Representations of Home Creative Journal

ROAM - Winter/Spring 2022 - ROAM 2

”Take My kids, Please:” Claiming Other People’s Children during the Pandemic

Jane Arsenault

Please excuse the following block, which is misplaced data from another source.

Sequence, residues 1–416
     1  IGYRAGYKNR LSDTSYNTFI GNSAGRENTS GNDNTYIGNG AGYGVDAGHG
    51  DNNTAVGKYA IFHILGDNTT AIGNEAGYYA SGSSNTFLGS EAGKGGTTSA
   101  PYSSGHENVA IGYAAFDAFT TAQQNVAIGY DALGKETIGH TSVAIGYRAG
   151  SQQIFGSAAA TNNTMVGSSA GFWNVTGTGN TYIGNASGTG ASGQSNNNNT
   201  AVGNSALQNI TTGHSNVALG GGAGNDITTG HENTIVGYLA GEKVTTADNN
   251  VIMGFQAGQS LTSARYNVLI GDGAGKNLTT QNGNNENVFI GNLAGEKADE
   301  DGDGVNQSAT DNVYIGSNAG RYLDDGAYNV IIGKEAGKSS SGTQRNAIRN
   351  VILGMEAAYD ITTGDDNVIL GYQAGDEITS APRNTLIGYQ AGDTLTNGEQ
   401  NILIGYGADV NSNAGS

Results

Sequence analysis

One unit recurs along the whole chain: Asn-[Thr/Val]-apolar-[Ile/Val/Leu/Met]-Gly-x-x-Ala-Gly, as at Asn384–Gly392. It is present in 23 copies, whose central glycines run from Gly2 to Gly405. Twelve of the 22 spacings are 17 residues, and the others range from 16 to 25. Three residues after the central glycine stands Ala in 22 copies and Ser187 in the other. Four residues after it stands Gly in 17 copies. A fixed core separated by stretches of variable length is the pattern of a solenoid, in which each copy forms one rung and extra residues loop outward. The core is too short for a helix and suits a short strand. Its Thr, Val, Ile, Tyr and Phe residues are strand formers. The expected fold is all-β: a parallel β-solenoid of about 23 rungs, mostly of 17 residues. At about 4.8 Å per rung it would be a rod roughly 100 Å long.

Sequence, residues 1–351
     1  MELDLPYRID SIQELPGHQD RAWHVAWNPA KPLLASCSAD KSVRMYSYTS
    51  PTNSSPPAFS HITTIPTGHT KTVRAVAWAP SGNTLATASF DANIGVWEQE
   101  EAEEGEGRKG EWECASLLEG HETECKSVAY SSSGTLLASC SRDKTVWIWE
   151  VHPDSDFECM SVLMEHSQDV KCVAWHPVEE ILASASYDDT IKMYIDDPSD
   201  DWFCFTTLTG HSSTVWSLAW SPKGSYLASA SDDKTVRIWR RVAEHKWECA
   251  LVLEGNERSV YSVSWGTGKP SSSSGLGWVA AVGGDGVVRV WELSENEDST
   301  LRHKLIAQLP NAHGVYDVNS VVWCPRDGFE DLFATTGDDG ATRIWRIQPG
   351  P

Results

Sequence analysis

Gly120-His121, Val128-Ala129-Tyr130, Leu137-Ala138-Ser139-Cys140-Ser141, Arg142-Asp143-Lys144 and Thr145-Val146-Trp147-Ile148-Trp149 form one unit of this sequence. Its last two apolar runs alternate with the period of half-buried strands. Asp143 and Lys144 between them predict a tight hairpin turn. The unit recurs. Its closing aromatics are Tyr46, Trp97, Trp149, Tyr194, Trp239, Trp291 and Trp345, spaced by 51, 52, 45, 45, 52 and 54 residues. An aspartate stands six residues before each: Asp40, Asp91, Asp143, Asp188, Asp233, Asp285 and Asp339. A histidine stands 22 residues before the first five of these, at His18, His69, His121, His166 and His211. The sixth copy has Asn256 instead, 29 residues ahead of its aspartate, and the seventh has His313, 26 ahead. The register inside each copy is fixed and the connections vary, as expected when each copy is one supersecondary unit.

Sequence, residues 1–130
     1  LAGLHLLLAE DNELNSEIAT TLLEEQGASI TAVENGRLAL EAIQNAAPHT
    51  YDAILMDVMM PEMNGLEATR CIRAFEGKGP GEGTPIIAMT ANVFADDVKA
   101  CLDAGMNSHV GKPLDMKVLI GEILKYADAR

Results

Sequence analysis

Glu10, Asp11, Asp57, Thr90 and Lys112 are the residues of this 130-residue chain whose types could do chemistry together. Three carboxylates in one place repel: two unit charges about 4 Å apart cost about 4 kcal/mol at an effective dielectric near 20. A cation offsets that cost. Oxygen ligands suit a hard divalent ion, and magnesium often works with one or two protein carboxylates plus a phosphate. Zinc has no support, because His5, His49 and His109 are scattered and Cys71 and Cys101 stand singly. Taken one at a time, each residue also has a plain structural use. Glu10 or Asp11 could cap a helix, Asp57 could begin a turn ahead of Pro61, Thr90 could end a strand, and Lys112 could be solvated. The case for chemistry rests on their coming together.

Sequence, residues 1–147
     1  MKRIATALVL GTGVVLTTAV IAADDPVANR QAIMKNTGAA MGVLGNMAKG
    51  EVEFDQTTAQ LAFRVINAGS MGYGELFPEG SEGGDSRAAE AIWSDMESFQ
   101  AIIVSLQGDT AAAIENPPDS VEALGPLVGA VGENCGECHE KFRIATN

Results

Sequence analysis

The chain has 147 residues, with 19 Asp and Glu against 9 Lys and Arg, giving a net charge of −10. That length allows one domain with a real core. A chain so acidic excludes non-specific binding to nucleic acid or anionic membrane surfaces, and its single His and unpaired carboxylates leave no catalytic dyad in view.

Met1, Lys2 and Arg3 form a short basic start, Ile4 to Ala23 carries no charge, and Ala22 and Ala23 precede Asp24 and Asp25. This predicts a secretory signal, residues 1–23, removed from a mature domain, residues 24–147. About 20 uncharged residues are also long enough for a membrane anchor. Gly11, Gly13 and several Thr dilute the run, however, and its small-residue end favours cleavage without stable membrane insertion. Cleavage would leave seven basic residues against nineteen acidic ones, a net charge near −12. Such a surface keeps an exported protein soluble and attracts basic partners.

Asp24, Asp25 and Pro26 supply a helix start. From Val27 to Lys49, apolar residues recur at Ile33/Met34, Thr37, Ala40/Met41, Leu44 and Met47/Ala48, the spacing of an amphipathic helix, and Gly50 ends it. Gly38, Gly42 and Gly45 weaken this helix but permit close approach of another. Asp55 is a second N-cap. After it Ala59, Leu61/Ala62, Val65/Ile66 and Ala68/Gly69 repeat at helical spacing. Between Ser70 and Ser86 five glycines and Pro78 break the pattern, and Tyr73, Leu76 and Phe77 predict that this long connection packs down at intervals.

I don’t know why the pandemic isolation of 2020 and 2021 caused me to have periodic manic episodes, or masked my stress as a heart attack, or pushed my loneliness to its extreme. I have always been an isolated person, even when I was a child -- although to a lesser degree than now. In fact, the only time I didn’t experience the ache of loneliness was when my three sons were young. As they approached high school, they naturally began to spend more and more time out of the house with friends, in sports, at work and school. I felt a sort of empty nest syndrome before they actually moved away from home. After my divorce in 2010,  my children disowned me -- my husband and I had been emotionally separated for several years by that point. I moved across Canada and in with my septuagenarian parents. What I’m trying to say, rather clumsily, is that I have experienced a lot of alone time in my life -- some of which was productive, some happy -- feeling lonely while both wanting and not wanting companionship. That is why I was so surprised when the Covid isolation created such strong negative reactions in my mind and body...  if anyone should have been able, easily, to withstand being at home alone for long periods...